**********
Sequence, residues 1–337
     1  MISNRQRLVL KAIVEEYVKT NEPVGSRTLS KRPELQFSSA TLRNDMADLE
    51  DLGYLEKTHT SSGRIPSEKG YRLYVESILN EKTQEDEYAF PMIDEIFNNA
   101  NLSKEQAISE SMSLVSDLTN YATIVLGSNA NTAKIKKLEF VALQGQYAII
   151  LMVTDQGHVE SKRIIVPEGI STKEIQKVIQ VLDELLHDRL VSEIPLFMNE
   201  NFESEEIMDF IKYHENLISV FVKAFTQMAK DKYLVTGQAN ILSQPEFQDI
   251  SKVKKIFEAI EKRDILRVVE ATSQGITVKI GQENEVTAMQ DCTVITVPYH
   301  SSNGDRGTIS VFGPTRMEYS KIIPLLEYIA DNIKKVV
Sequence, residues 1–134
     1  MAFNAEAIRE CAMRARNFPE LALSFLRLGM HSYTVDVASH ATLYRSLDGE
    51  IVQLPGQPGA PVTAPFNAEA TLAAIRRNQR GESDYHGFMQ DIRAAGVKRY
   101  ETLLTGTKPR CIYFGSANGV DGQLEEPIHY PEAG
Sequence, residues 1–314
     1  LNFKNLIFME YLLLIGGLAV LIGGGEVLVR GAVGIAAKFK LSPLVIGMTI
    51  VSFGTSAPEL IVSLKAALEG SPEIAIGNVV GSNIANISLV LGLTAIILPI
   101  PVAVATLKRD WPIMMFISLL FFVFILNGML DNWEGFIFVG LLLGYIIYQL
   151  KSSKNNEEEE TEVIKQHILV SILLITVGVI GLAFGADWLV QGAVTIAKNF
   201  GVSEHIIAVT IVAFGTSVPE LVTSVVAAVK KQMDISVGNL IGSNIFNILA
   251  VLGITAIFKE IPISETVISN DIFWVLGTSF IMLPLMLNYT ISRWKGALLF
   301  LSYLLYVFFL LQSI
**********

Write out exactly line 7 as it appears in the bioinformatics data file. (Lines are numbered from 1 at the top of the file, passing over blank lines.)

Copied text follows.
   251  SKVKKIFEAI EKRDILRVVE ATSQGITVKI GQENEVTAMQ DCTVITVPYH